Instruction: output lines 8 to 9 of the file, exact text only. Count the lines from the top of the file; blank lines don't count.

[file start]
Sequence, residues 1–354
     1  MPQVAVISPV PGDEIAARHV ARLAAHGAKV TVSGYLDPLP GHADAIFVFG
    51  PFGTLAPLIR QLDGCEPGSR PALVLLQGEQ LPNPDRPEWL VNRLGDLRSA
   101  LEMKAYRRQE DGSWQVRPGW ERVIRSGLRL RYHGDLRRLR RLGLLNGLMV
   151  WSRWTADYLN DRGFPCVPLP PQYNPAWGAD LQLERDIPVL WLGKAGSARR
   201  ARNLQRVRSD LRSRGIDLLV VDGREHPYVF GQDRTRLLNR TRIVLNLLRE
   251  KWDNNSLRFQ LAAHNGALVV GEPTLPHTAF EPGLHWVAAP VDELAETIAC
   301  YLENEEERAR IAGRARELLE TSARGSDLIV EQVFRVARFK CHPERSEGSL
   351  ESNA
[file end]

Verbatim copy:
   301  YLENEEERAR IAGRARELLE TSARGSDLIV EQVFRVARFK CHPERSEGSL
   351  ESNA